"Unfortunately, Dr. Cohen’s article provides a bit of a bait and switch, perhaps unwittingly," claimed Duffy MacKay, VP scientific and regulatory affairs Council for Responsible Nutrition, in a statement released Thursday. "In calling for more stringent oversight of legitimate supplement products, he holds up a poster child for the problem of illegally spiked products. The product Dr. Cohen references in his commentary, by law is illegal and not a dietary supplement," he noted. "Dr. Cohen refers to the manufacturer of this product as a ‘respected company’ when in fact it is a company that broke a myriad of existing laws, including adding undeclared ingredients — specifically drugs — to the product."

In response to Cohen’s call for clinical trials vetting safety as a prerequisite, MacKay noted that, unlike pharmaceutical ingredients, supplements do not necessarily have an immediate and dramatic effect on an acute symptom or condition, "and in general, they have a wider margin of safety," he said.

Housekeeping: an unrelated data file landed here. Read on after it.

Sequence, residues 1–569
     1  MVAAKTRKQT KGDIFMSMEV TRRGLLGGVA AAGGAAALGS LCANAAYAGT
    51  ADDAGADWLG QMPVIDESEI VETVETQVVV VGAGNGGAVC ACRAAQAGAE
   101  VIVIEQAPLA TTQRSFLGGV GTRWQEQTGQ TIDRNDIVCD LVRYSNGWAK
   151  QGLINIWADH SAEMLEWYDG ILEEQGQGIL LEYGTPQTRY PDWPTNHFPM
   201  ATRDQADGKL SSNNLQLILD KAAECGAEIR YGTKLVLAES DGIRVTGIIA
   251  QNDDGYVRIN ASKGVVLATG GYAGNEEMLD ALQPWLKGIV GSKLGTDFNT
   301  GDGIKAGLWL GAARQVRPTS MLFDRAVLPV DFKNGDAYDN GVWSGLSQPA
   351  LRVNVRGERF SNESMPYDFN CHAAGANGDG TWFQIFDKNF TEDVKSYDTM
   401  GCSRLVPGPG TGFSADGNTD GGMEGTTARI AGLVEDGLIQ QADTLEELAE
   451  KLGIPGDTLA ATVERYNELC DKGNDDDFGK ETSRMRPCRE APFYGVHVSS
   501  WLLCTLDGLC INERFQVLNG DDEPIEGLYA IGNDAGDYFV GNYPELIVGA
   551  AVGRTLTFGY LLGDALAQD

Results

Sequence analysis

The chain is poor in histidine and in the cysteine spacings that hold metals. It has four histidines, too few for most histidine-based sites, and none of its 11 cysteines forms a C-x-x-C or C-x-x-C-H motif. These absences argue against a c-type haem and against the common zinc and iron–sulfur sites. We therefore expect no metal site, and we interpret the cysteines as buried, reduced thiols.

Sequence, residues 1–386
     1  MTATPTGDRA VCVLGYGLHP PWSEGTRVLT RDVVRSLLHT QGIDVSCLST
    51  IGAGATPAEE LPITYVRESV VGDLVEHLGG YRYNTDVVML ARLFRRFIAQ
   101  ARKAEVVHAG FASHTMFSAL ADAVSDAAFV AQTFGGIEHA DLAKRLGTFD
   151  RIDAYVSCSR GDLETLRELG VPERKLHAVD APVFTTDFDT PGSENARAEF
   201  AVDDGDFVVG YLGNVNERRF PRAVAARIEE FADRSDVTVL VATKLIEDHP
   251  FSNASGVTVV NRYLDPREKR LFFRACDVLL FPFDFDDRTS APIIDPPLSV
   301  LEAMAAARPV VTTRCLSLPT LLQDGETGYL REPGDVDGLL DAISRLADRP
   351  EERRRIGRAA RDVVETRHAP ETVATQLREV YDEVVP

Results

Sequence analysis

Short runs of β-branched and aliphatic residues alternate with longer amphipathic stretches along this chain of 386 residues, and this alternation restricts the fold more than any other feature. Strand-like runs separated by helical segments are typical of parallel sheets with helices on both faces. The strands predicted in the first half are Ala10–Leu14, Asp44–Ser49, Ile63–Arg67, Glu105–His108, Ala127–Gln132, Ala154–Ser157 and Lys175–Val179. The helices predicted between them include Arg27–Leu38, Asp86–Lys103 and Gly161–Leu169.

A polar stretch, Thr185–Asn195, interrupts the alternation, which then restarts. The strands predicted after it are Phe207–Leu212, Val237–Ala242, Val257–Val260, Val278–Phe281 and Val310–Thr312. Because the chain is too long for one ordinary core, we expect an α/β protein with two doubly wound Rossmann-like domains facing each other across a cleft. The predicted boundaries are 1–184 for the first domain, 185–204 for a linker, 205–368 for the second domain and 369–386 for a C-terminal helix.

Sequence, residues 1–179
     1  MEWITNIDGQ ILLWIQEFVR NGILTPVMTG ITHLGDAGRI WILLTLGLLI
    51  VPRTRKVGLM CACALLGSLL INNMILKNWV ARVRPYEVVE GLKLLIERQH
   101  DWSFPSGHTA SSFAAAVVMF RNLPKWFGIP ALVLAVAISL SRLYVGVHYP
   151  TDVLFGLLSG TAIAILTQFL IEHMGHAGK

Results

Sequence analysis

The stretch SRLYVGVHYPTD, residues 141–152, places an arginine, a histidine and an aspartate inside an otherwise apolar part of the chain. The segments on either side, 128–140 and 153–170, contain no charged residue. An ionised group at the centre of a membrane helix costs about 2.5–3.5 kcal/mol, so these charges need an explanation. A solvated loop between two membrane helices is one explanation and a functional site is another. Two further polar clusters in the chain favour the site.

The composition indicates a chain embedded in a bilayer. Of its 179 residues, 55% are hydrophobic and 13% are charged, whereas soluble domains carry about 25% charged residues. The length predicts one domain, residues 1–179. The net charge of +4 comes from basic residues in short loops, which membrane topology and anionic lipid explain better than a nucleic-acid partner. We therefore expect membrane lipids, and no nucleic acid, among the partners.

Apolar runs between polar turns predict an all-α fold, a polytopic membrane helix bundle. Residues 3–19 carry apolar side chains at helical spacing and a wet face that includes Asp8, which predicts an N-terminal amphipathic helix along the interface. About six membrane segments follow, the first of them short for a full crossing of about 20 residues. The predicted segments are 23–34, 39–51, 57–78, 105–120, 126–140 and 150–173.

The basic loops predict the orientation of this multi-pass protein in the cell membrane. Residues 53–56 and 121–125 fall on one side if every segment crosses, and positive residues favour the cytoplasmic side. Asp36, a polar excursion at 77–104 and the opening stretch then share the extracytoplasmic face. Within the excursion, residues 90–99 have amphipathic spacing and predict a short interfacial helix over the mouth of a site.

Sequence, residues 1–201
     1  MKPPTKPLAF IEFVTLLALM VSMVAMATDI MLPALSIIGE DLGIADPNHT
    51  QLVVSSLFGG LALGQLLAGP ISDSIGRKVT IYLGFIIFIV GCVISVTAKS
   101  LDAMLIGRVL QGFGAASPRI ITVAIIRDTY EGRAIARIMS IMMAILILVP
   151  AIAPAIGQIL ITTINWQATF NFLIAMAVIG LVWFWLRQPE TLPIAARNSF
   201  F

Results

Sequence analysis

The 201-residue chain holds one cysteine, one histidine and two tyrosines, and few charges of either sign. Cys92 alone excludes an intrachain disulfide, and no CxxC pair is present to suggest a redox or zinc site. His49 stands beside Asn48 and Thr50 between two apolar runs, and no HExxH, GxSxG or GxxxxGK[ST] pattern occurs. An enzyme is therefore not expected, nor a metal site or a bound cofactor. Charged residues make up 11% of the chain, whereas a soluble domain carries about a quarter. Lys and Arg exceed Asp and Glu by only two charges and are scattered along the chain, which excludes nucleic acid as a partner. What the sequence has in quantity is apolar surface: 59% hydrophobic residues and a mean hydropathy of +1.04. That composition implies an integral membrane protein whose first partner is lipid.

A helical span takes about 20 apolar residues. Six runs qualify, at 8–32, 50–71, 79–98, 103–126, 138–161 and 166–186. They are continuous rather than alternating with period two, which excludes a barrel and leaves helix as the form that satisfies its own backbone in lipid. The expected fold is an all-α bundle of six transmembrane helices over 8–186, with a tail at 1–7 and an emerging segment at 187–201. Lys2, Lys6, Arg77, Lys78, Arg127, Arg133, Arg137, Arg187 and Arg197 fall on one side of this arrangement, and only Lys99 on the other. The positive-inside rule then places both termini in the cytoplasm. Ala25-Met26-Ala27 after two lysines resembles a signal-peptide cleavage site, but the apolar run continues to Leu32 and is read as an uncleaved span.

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Carex launches wide-grip mobile shower head

BY Michael Johnsen

NORWELL, Mass. — Carex Health Brands recently launched its ultimate shower massager, a shower head that features a full body spray and five different massage settings.

The chrome shower head comes with an easy-to-install shower head holder, a wide showerhead handle for a secure grip and an extra-long 84-in. tangle-free hose.

The Carex ultimate shower massager will be available January 2012 online and at select retailers, independent pharmacies and drug stores at a suggested retail price of $34.99.